Why Aussies Companies Actually Excel At Innovation

Why Aussies Companies Actually Excel At Innovation
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In this guest post, Dr Amantha Imber (pictured below), founder of innovation consultancy firm Inventium, takes a look a three main drivers she says any good business should have if they’re looking to stay ahead of the innovation pack…

Innovation has moved from being a buzz word thrown around by senior managers to being a cost of entry for many businesses. Indeed, the difference between a company that embraces innovation and one that turns a blind eye is often the difference between success and failure.

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Australia’s most innovative companies have several things in common.

  1. Customers sit at the heart of innovation

Many companies falsely believe that innovation starts with an idea. Truly innovative companies understand that innovation actually starts with the customer. Employees within Australia’s most innovative companies are obsessed with understanding the customer and learning what their biggest frustrations are. These frustrations provide a focus for innovation, because if companies can solve customer’s problems, customers will give loyalty and pay money for these solutions.

At Australian Unity, Innovation Champions are provided with broad areas on which to focus their innovation efforts. Champions are active in observing and speaking to customers in order to understand their biggest pain points and to ensure that their efforts are focused around solving a problem that actually matters to their customers.

  1. Senior leaders walk the talk

Research into the difference between leaders at innovative versus non-innovative companies has revealed a key difference between senior leaders. At highly innovative companies, senior leaders see innovation as their job, and actively go out and speak to customers, generate ideas and experiment actively around those ideas. In contrast, at less innovative companies, senior leaders actually see their role as simply delegating innovation.Australia’s most innovative companies are filled with leaders who “do” innovation. They don’t just talk about it or pay lip service to it – they actually walk the talk.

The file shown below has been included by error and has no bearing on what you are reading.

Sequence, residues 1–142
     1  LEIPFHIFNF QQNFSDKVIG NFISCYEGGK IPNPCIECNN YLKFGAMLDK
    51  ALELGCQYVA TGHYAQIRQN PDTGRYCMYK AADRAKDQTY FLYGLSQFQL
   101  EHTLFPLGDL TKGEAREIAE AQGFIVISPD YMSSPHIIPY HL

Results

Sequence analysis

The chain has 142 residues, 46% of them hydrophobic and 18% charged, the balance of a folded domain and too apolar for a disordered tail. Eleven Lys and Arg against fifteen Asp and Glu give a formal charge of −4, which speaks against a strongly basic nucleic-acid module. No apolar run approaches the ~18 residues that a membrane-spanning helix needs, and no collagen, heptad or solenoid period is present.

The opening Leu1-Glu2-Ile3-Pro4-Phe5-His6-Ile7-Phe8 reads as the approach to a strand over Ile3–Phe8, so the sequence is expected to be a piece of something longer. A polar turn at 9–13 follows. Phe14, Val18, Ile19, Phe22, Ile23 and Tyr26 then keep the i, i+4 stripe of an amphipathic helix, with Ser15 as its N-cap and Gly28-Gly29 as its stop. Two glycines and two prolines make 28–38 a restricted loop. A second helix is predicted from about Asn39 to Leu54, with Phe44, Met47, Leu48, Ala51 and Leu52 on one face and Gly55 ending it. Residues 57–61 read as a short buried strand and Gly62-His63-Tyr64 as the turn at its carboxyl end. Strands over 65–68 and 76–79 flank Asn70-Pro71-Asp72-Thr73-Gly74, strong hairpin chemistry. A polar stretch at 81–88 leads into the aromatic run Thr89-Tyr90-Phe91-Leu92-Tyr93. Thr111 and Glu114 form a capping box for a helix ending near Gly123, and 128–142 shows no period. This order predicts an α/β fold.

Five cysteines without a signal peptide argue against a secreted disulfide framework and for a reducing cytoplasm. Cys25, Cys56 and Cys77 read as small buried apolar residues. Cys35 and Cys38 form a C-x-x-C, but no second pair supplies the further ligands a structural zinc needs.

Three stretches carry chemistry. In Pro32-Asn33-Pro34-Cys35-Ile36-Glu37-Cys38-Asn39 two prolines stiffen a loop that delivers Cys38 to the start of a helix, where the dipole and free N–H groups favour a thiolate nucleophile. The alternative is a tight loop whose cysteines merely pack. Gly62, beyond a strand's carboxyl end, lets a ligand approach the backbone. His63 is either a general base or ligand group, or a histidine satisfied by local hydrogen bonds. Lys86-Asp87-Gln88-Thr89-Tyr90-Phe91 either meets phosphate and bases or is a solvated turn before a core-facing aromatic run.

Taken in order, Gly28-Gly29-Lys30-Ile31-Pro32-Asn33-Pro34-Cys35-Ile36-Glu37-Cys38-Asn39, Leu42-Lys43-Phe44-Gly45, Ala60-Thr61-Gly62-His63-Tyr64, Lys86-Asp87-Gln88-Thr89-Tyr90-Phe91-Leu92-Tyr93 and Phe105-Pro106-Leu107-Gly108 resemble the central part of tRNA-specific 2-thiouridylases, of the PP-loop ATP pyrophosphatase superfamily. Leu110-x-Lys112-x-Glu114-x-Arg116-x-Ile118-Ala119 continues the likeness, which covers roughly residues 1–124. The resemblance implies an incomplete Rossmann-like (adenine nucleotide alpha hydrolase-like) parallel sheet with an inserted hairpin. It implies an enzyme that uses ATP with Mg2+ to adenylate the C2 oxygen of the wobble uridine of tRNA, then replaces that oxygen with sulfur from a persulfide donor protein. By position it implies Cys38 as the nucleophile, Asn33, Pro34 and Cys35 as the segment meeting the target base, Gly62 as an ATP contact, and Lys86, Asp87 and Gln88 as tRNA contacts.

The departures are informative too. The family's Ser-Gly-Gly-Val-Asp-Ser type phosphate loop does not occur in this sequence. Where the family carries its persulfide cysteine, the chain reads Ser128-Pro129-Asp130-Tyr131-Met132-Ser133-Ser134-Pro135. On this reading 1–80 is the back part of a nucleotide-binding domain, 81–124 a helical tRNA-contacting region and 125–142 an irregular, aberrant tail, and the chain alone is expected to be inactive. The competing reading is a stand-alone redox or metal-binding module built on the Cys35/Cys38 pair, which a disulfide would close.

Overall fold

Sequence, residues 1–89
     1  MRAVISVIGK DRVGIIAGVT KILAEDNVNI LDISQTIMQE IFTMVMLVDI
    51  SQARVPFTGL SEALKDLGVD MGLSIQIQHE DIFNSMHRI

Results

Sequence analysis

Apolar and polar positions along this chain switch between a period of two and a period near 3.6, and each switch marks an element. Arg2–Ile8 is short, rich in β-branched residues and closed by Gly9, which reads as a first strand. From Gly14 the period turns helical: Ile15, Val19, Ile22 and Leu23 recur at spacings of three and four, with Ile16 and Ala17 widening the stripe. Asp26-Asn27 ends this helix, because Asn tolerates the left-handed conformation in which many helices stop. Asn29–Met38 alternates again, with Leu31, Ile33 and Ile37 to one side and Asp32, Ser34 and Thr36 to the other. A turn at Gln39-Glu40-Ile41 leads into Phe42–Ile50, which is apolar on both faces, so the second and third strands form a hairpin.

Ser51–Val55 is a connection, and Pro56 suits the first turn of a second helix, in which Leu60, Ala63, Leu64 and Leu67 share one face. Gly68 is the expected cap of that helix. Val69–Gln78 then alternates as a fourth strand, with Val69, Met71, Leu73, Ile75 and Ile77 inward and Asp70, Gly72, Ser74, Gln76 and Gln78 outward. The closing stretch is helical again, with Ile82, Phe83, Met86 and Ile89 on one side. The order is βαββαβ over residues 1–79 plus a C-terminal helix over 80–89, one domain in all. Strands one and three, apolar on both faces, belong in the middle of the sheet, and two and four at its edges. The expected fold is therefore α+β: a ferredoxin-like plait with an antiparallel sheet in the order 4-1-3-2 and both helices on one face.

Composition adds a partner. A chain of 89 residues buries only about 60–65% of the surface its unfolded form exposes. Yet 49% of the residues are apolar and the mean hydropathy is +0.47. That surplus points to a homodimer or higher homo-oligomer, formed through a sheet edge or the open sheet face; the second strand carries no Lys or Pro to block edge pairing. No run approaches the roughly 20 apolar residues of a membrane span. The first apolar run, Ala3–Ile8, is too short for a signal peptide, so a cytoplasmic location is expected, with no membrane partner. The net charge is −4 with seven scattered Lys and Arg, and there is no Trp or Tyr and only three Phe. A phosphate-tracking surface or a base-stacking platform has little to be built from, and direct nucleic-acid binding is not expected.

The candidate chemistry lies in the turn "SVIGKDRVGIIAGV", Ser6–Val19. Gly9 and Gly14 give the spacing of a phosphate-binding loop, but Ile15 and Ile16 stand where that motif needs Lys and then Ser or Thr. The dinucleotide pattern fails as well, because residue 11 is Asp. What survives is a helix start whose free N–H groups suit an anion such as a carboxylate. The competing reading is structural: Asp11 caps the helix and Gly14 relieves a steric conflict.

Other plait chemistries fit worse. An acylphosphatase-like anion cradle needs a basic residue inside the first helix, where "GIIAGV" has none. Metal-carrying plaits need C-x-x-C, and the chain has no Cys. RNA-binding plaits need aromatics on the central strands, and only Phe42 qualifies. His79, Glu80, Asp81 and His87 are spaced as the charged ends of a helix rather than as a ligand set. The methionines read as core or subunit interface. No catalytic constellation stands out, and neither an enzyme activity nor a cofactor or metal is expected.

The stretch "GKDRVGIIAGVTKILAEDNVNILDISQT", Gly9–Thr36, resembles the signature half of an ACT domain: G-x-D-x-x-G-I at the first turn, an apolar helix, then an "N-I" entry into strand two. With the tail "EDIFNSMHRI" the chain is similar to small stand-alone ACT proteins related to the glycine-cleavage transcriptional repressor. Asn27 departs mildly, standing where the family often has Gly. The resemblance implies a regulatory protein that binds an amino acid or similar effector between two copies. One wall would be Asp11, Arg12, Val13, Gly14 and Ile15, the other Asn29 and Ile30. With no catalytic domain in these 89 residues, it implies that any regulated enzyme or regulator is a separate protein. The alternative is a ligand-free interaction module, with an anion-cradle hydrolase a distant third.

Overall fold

At construction company Mirvac, all members of the executive leadership team have innovation within their KPIs. All of the executive leadership team have the KPI of enabling their team to contribute to innovation at Mirvac. The KPI is measured by people providing examples of supporting or enabling their team to achieve innovation objectives. In other words, executives at Mirvac can’t simply sit back and passively observe innovation from the sidelines.

  1. They carve out time for innovation

Innovation doesn’t just happen because a CEO announces it as an organisational priority. As obvious as this may sound, many organisations fail to innovate because they don’t free up time for staff. Australia’s most innovative companies deliberately allocate time for innovation to those who want to pursue it. Sometimes, this may be in the form of a 24-hour Hackathon. Other companies have embraced their own version of Google’s 20% time, whereby staff are given a set percentage of time to pursue innovation projects. And others have moved towards innovation secondments, whereby employees are given a full-time innovation position and their jobs are back-filled. While on the innovation team, the employee’s job becomes about progressing innovation forward, which may involve unlocking customer frustrations, leading ideation sessions, and running many experiments to iterate ideas before they are scaled.

Organisations who embrace all three behaviours are significantly more likely to be producing successful innovations to market. And for companies which haven’t taken on the strategies described here, it may be time to rethink how they are approaching innovation.

Dr Amantha Imber’s latest book, The Innovation Formula, tackles the topic of how organisations can create a culture where innovation thrives.

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